Shattered, Shaken, and Stirred by Gilbert Ahrens

February 2, 2010 | By | Add a Comment

During that brief moment right before the collision, when my mind escaped the horror of inevitability and journeyed to a place where time slowed down and I could sense a greater force, I had enough time to ask God to save us. In that instant, right before impact, I knew – with absolute certainty – that God was present. I knew he was there with us not so much because I could hear Him or see Him, but because I could feel Him. He was there with us. And, right before impact, I could feel Him say, “This is going to be bad, but don’t worry. I am with you.”

Shattered, Shaken, and Stirred, p. 27

Summary: On an autumn evening in 2002, the car Gilbert Ahrens was driving was struck head-on by a drunk driver traveling 95 miles per hour. Gil, his wife Kim, sister Margot, and three-week-old daughter Olivia had been going 60 miles per hour. The driver of the other car was only 18, and the passenger in that car was killed on impact. Gil’s family survived, but with some serious injuries. The most serious was his wife, Kim, who suffered a broken neck that left her paralyzed and sentenced to a wheelchair. Their baby daughter, however, emerged unscathed.

Ahrens writes this book to his daughter, describing the many ways in which that one night altered everything. It is a story that reads like a long love letter and includes actual correspondences to family and friends. Ahrens details how their world was ripped apart and the great struggle to get things back together. Of course, they never would get back to the way things were. Their lives had been forever changed.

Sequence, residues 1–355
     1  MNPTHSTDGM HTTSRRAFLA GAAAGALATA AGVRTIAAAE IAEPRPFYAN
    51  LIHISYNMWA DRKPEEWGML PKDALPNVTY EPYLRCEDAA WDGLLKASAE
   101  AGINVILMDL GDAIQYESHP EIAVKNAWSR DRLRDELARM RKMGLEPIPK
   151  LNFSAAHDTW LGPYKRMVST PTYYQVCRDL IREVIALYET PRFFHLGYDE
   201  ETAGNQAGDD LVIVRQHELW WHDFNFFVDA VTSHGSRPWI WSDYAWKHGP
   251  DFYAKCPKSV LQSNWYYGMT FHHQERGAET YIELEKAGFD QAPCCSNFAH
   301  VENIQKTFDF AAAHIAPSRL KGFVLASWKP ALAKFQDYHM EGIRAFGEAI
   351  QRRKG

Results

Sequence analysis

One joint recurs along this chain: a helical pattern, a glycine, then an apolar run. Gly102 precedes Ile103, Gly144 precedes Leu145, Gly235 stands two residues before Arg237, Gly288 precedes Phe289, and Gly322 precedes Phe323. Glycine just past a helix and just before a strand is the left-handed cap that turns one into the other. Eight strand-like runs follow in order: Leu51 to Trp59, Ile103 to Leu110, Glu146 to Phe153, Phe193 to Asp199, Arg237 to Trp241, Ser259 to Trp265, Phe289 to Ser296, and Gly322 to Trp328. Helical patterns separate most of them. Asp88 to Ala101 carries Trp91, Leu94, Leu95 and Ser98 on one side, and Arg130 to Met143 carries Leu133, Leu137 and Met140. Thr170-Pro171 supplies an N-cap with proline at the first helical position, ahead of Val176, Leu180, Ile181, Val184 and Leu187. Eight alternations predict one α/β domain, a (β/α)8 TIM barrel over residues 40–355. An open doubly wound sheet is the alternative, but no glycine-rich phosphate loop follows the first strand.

Ahrens also describes how faith in God helped him through such a difficult time. He does not get very deep into theology, but has a lot to say about change, struggle and suffering. Amazingly, his tone is primarily of gratitude and he even injects humor into grim and bitter situations. What gets Ahrens the most fired up is all the inefficiencies and injustices encountered when dealing with what he terms “the System” (e.g. insurance companies, the legal system, etc.). This part took some time to get through, but illuminated frustrations that affect everybody and many directly face.

This book reminded me of another book titled, A Grace Disguised by Gerald Sittser. Both recount in horrific fashion the trauma that ensued after being hit by a drunk driver. The difference is that Sittser has a theological background (Ahrens was a business man) and lost three family members in his crash. Sittser’s book goes much deeper into matters of loss and suffering, while this book gets more into the day to day adjustments required to deal with his wife’s sudden disability.

Rating: 4/5 (Good, but Sittser’s book is one of the best books that I have ever read and is on a similar topic. I would read that one first.)

“But he said to me, ‘My grace is sufficient for you, for my power is made perfect in weakness.’ Therefore I will boast all the more gladly about my weaknesses, so that Christ’s power may rest on me. That is why, for Christ’s sake, I delight in weaknesses, in insults, in hardships, in persecutions, in difficulties. For when I am weak, then I am strong.” – 2 Corinthians 12:9-10

This book was provided for review by Positano Press through the B&B Media Group. To learn more about or purchase this book on Amazon, click here. For further information, check out the book’s website.

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